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Over the last 18 months, Softcat have offered its customers an Incident response service. We’ve recently looked back at the different interactions we’ve had with customers in this service, and we found a raft of lessons learned, as well as a single common denominator across incidents: Office 365.
Now to be clear, this common denominator is not the platform itself. Although not without its own vulnerabilities, the root cause of the issue consistently found across incidents was the user configuration of O365. Looking over the array of customers, industries, and incidents, we found our customers usually fall into 1 of 3 categories when it comes to security incidents within Office 365.
Being transparent, configuring Office 365 for optimum security is easy for me to say, and not simple to do. These customers will initially migrate to Office 365, and, for the most part, stick with default settings, owed either to diverted attentions, or lack of expertise. Unfortunately for these customers, the chances of survival in an incident, if they’ve not configured baselines, or additional controls is close to zero. Here’s why.
One of the first steps an attacker will take is called reconnaissance, and before O365 this meant understanding which version of exchange, Active Directory, etc. you were using, to then understand the potential vulnerabilities available to them for exploit. In the days of Office 365, any attacker with a credit card and a keen attitude can spin up an instance and for these first customers, the reconnaissance is done. Attackers are standing up instances just like you, they know what will and will not work if enabled by default. Of the incidents we’ve seen, 70% of customers fall into this category.
Here we are regularly seeing some simple steps being missed such as multifactor authentication (MFA) not being deployed. To reiterate – deploying MFA is a security must, and has been shown to block 99.9% of account compromise attack. The number one reason for not deploying this control is concern about potential user disruption, or concern over systems failing. Whilst a legitimate concern, with the right preparation and the correct amount of user training, MFA can be deployed relatively painlessly and mitigates a huge amount of risk.
These customers build on the above – after migrating to Office 365, these customers get the basics right – deploying MFA, some security controls, and even some of the solutions provided within E5 licencing. Additionally they may have one or two other security controls deployed, such as switching
on advanced logging. These customers make up approximately 30% of incidents we see. The challenge here is that customers are lulled into a false sense of security under the belief that “the controls in E5 are good enough.” Sadly, defence in depth architecture, and in our own experience of dealing with incidences you ideally need two- three additional layers to survive email-based attacks. Whilst having steps such as DomainKeys Identified Mail (DKIM) and Sender Policy Framework (SPF) are both good controls, these only look at the header – the envelope of the message. To survive email-based attacks the key is content based email security inspection.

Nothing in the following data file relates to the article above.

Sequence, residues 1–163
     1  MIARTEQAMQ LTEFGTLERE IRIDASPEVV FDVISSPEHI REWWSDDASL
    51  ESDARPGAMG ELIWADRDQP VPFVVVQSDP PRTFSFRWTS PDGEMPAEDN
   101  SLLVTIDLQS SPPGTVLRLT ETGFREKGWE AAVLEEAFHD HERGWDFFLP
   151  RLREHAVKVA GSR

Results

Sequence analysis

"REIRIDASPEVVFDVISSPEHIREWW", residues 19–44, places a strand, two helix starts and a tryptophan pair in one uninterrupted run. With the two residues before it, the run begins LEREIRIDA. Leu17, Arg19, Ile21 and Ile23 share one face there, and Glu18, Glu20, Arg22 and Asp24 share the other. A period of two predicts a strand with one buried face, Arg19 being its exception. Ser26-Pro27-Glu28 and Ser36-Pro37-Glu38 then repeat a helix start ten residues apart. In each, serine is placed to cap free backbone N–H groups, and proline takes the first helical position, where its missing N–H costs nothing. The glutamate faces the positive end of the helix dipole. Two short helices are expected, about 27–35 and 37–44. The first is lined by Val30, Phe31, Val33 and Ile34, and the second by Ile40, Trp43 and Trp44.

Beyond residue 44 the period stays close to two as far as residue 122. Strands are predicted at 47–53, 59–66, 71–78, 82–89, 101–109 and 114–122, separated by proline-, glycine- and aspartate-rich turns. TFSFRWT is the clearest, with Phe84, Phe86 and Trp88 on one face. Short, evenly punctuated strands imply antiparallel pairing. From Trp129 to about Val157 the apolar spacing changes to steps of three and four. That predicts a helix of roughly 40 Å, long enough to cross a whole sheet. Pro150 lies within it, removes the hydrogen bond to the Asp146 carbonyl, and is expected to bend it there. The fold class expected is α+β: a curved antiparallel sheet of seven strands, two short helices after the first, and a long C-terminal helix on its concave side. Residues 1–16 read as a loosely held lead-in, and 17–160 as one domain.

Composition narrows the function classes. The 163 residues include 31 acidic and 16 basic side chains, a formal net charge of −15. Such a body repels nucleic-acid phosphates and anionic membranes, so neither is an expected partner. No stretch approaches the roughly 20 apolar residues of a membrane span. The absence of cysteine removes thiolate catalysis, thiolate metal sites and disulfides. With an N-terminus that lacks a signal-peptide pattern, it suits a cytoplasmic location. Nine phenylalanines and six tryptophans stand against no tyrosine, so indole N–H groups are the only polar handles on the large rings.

Another trend we’ve found in the ‘intermediate’ customer is that of visibility. Whilst the deployed controls are all well and good, it only works if solutions are available that raise alerts, and that technicians are actively looking at and acting on those alerts. Broadly the key visibility can be grouped into three areas:
This customer has everything switched on and optimised, and operate, for the most part, a reasonably secure infrastructure. Unfortunately the challenge now presented is that of business email compromise (BEC) between trusted organisations. Unfortunately this one is really difficult. The focus here is all about supply chain security, which is an issue that cascades. Whilst you may be happy your supplier is secure, the supplier of your supplier, could be vulnerable.
For these customers, the key comes down to the devil of Active Directory. As mentioned before, if you have not configured MFA across the domain you have a very large attack vector exposed, but we’ve seen attackers go further even when MFA is deployed. Active Directory Federation Services (ADFS) essentially serves as the proxy between active directory and the web. Some attackers, when realising you run MFA in Office 365, will look to find an intranet site, or portal etc. that uses ADFS, but doesn’t use MFA. Then it is just a question of brute force, credential stuffing etc. until the account is exposed. We’ve even seen attackers going after outlook web app, and other sites, to this effect.
For our customers, this doesn’t have to be the case. For Softcat customers (and I’m pleased to say, the customers that have utilised our incident response services) when it comes to security, and specifically Office 365, you have oodles of support available to you, detailed below:
If you’d like to discuss this in more detail, please contact your account manager, of If you’re new to Softcat, via the button below.
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